A small change has been made to the page listing the publications of David Rundle: I am today able to add as published an article on Antonio Beccaria appearing in the Italian journal, Humanistica, for 2010.
Of course, I would like the year in which my wedding took place to last for many moons, but my wife assures me that 2010 is long past. Certainly, this is not the first occasion on which the journal in which an article of mine appears sports a different date on the cover than it does in its publication details. In some ways, I have an affection for this quaint demonstration of how we all can fail to live up to the strict demands we set ourselves — better that world than the one in which publication is an urgent requirement if one is to be perceived as an active researcher (a culture that mis-defines research as dissemination), one in which there is a Manichean opposition between the published and the damned.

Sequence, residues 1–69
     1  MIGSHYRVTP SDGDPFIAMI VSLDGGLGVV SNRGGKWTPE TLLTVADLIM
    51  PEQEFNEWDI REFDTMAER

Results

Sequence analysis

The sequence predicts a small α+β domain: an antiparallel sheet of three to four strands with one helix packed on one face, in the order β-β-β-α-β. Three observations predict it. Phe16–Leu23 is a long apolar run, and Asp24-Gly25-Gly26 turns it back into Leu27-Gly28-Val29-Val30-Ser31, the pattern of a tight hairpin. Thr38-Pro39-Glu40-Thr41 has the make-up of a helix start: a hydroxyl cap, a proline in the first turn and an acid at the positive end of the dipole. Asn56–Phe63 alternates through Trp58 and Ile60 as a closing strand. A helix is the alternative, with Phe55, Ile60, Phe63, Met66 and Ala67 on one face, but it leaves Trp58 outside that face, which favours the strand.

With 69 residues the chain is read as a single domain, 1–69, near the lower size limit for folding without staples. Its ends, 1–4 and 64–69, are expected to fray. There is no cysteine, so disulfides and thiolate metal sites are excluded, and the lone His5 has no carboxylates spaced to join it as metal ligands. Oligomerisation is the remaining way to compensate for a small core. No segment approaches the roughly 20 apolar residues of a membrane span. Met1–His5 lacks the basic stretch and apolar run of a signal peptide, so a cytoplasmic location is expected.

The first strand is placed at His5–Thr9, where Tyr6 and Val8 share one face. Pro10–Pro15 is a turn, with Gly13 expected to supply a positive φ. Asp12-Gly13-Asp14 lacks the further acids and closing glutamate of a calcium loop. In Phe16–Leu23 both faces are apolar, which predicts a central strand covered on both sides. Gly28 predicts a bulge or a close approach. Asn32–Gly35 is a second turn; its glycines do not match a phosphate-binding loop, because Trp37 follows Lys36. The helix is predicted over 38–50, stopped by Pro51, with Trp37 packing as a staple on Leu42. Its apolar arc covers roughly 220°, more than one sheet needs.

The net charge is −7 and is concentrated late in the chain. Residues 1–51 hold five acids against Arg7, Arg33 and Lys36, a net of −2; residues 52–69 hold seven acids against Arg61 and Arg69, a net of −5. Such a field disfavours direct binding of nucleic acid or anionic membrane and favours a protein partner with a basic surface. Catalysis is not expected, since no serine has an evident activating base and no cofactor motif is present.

What, though, strikes me more is how this article has not done what every good wine should do and matured as it has sat in the publishing house. The article considers Antonio Beccaria’s production, during his long stay in England, of a collection of translations of the Church Father, Athanasius – a collection more extensive than anything produced by Ambrogio Traversari, whose own version, I suggest, Beccaria had on his desk in England or, to be more precise, in Greenwich, in the palace of his employer, Humfrey, duke of Gloucester. I use this example to emphasise how humanist creativity was not confined to its supposed ‘centre’ of Italy and note, indeed, how these texts were imported to Beccaria’s hometown of Verona on his return there in the mid-1440s. There is another central argument to the piece which I now feel I expressed too softly and wish it had gained extra gusto of its own accord while waiting to appear in print: that argument is that the period that Beccaria took to produce his translations — a period of over six years — does not allow us to assume a single cause for the work, or a single message they are trying to convey. What, in particular, is unlikely is that Beccaria produced them conscious of one political context in which they might be useful for his master: the codicology of these manuscripts make them appear to be his own pastimes which he happened to present to Humfrey, rather than a demand placed on him each year by the duke.